An internal Fannie document from 2004 obtained by The New York Times sheds light on this question. A “Customer Engagement Plan” for Countrywide, it shows how assiduously Fannie pursued Mr. Moziloand 14 of his lieutenants to make sure the company continued to shovel loans its way.
Nine bullet points fall under the heading “Fannie Mae’s Top Strategic Business Objectives With Lender.” The first: “Deepen relationship at all levels throughout CHL and Fannie Mae to foster alignment and collaboration between our companies at every opportunity.” (CHL refers to Countrywide Home Loans.) No. 2: “Create barriers to exit partnership.” Next: “Disciplined Risk/Servicing Management” and “Achieve Fannie Mae Profitability Goals.”
(Later in 2004, by the way, the Securities and Exchange Commission found that Fannie had used improper accounting and ordered it to restate its earnings for the previous four years. Some $6.3 billion in profit was wiped out.)
The engagement plan also recommends ways that Fannie executives should mingle with Countrywide’s top management, because “fostering more direct senior level engagements with key influencers throughout their organization will be beneficial in ensuring strategic alignment and building organizational loyalty.”
RECOMMENDATIONS included conferring with Mr. Mozilo at Habitat for Humanity golf tournaments and Mortgage Bankers Association conventions. Franklin D. Raines, then Fannie’s C.E.O., and Daniel H. Mudd, then its chief operating officer, were advised to see Mr. Mozilo twice a year. “We will be successful when Angelo influences the industry or his organization on our behalf,” the document says. Mr. Raines didn’t respond to e-mails requesting comment last Friday; he left Fannie in December 2004.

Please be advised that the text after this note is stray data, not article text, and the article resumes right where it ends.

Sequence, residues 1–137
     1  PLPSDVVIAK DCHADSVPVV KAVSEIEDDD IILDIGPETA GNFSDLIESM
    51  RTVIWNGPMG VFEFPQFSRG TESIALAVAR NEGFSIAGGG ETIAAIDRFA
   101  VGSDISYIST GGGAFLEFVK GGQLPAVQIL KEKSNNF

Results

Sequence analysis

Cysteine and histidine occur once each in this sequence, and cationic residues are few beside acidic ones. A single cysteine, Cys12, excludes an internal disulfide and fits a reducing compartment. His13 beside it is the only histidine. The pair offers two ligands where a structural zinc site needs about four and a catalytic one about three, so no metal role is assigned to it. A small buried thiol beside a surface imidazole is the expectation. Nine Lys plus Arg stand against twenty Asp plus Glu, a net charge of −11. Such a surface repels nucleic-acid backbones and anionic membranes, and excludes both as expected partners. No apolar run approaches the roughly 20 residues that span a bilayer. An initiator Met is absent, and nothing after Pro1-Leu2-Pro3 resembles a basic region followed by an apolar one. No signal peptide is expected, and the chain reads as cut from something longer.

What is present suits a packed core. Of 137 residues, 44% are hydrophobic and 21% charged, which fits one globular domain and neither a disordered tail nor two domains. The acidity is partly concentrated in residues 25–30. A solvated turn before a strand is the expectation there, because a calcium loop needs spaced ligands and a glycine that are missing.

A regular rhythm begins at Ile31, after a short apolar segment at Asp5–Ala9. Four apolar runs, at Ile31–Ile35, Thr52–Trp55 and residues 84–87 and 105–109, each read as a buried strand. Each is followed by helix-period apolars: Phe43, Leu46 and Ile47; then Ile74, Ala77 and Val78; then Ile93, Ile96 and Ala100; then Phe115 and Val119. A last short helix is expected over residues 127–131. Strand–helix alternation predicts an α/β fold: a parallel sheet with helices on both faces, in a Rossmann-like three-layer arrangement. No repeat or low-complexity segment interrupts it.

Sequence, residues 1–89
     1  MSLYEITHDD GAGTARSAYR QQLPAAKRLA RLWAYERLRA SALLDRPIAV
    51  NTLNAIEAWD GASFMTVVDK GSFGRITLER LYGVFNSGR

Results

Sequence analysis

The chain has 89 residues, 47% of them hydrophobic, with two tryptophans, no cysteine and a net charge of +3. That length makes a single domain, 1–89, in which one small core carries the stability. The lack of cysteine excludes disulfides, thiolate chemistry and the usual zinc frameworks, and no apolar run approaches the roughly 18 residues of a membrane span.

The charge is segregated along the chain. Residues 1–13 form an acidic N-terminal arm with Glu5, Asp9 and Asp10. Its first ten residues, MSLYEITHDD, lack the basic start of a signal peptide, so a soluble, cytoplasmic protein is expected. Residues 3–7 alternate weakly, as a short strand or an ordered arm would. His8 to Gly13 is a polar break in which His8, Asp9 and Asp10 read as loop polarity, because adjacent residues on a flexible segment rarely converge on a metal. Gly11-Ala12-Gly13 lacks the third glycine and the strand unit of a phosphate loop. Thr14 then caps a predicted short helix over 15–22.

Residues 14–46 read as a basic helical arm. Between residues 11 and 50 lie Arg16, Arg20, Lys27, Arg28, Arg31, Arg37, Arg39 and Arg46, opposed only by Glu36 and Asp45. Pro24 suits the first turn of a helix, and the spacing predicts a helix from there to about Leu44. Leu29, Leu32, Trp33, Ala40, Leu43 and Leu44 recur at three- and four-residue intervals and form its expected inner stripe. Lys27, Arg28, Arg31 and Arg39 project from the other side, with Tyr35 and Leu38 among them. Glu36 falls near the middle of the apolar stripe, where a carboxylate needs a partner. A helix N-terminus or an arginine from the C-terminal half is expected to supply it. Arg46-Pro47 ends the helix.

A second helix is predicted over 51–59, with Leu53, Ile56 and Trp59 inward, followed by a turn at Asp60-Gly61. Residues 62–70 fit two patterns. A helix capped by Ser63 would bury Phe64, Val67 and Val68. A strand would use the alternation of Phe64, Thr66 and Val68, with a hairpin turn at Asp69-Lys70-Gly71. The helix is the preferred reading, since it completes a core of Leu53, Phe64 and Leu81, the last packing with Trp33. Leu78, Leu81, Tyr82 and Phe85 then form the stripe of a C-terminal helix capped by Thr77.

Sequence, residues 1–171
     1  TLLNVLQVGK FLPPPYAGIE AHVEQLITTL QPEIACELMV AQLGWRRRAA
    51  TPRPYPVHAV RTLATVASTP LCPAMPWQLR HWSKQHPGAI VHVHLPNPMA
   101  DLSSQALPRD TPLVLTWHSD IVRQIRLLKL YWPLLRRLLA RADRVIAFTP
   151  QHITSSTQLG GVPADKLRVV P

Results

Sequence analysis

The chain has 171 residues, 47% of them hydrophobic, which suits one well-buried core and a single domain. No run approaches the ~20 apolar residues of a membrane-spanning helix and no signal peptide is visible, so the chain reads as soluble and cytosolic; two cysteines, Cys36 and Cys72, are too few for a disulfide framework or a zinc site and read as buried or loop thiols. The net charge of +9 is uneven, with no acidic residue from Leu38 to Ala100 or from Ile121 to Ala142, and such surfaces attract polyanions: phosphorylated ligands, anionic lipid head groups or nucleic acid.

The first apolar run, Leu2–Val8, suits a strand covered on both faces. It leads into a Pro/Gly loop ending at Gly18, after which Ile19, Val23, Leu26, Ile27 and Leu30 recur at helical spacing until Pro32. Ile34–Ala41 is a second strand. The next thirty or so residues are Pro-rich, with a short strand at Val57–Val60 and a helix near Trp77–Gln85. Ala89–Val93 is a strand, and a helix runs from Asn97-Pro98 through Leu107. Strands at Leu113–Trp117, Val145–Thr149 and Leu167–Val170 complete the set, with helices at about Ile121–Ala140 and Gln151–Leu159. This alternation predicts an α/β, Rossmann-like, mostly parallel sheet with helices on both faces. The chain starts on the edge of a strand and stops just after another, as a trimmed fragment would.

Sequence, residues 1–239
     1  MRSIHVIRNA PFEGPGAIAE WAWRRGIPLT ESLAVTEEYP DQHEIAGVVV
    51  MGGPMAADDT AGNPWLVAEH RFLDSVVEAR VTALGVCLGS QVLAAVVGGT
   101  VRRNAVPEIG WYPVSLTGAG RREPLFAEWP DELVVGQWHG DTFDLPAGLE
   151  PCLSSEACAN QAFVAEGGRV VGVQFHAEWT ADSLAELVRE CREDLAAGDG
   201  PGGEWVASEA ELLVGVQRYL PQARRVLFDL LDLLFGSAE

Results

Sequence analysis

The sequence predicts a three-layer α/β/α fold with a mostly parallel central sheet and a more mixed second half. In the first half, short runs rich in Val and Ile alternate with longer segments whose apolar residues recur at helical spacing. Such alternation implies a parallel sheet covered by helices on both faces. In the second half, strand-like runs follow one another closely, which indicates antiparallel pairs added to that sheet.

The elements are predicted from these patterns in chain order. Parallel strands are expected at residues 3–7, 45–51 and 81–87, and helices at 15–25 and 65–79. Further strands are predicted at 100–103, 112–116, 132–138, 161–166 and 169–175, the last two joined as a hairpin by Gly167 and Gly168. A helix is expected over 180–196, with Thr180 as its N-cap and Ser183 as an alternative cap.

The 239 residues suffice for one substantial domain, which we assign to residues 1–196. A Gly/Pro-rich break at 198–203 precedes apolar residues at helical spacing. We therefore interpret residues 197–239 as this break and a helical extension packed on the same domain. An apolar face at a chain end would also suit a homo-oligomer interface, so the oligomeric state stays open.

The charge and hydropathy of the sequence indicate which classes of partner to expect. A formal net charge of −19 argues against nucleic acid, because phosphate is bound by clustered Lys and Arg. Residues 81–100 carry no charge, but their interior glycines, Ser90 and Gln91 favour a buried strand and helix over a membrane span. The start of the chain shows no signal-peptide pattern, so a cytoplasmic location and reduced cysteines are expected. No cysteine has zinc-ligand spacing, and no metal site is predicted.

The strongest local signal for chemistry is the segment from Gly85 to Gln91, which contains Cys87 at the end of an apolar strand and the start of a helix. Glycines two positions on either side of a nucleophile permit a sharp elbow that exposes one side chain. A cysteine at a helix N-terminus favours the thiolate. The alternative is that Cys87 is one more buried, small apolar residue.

The memo advised pursuing other Countrywide executives: “Deep Rapport” should be the goal with David E. Sambol, the lender’s president, but because he did not “heavily attend outside events” Fannie executives should “look for opportunities for meetings” at Countrywide headquarters.
“We will be successful if we can foster ongoing communication channels that allow us to understand and leverage Sambol’s priorities and demonstrate our commitment to making him successful,” the memo stated. Mr. Sambol and Mr. Mozilo could not be reached for comment.
For his part, Mr. Mudd, now the chief executive of the Fortress Investment Group, said Fannie’s courting of Countrywide was not unusual. “We tried to build a program that was based on having multiple strong relationships with our main customers,” he said. “You want to be sure that the first call is not the last call, that a customer is not doing business with you anymore.”
But Representative Darrell Issa, a California Republican and ranking member on the House Committee on Oversight and Government Reform, says he has concerns about such mating dances.
“Lost in the debate over how best to legislate the aftermath of the financial crisis has been the necessity to conduct an inward examination of the too-cozy relationship between government enterprises and private industry,” Mr. Issa said. “The true nature of this strategic partnership between Countrywide and Fannie-Freddie should be exposed so we can measure the extent to which it fostered the conditions leading to the financial meltdown.”
Understanding how these companies operated is crucial if we want to avoid repeating the mistakes of our recent past. So, when you hear about Fannie and Freddie reform this fall, remember that we still don’t know the half of it.